The public meeting dates and locations are listed in the Public Meetings section below under SUPPLEMENTARY INFORMATION.
This notice is available on our Web page at http://www.msha.gov, under Statutory and Regulatory Information. We intend to place the public comments on our website within five (5) working days after we receive them.Start Further Info
FOR FURTHER INFORMATION CONTACT:
Marvin W. Nichols, Jr., Director; Office of Standards, Regulations, and Variances; MSHA, 4015 Wilson Boulevard, Arlington, Virginia 22203-1984. Mr. Nichols can be reached at Nichols-Marvin@msha.gov (e-mail), (703) 235-1910 (Voice), or 703-235-5551 (Fax). Start Printed Page 15135End Further Info End Preamble Start Supplemental Information
I. Public Meetings
The public meetings will be held on the following dates and locations:
|April 30th||Holiday Inn 1901 Emmet Street Charlottesville, VA 22901||(434) 977-7700|
|May 2nd||Ramada Inn 164 Fort Couch Road Pittsburgh, PA 15241||(412) 833-5300|
|May 14th||Days Inn 4212 W Sunset Blvd Spokane, WA 99224||(509) 747-2021|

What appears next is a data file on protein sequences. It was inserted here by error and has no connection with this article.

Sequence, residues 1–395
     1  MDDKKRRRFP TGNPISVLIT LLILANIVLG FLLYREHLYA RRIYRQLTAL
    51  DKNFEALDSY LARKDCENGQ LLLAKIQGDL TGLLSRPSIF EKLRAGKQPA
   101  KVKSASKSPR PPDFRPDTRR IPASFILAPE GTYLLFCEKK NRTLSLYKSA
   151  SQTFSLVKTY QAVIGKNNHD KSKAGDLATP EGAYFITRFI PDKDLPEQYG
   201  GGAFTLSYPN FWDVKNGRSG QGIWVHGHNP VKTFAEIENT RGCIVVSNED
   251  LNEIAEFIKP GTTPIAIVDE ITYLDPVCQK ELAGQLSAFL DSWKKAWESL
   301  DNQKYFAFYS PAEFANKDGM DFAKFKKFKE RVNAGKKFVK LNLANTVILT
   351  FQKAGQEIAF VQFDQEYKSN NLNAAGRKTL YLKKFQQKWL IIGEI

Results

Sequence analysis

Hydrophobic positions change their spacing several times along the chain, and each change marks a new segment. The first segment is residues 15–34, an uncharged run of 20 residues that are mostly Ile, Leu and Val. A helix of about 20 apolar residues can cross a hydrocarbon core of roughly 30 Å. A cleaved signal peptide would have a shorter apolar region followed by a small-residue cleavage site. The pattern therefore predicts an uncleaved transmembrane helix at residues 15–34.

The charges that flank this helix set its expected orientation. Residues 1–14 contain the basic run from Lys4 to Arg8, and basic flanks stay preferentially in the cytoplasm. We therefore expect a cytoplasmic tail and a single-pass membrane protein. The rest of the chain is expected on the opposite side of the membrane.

|May 16th||Hampton Inn & Suites 800 Mason Street Vacaville, CA 95687||(707) 469-6200|
|May 29th||Best Western 90 E Main Street Canton, NY 13617||(315) 386-8522|
|June 12th||Days Inn 701 Hattrick Ave Virginia, MN 55734||(218) 744-2703|
The public meetings will begin at 9:00 a.m. and end after the last speaker appears; and in any event, not later than 5:00 p.m. each day.
Our asbestos regulations date to 1967 and are based on the former U.S. Bureau of Mines standard of 5 mppcf (million particles per cubic foot of air). In 1969, the Bureau proposed and finalized a 2 mppcf and 12 fibers/ml (milliliter) standard. In 1970, the Bureau proposed to lower the limit to 5 fibers/ml, which was promulgated in 1974. We issued our current standard of 2 fibers/cc (cubic centimeter) in 1976 for coal mining and 2 fiber/ml in 1978 for metal and nonmetal mining. In 1989, we proposed as part of our Air Quality rulemaking to lower the PEL for asbestos to 0.2 fibers/cc (cubic centimeter), in line with then-current levels promulgated by the Occupational Safety and Health Administration (OSHA) in its Air Contaminants rulemaking. However, an appeals court decision invalidated OSHA's generic rulemaking approach, which had grouped categories of substances with similar properties under a single rulemaking. The Court ruled that the PEL for each substance must be supported by substantial scientific evidence of significant risk of material impairment of health, as if each substance were the subject of a separate substance-specific rule. Since we used an approach similar to OSHA's in our Air Quality proposed rule, we believed our rule would be subject to similar legal scrutiny. For this and other reasons, the air contaminants portion of the Air Quality proposed rule has not been finalized.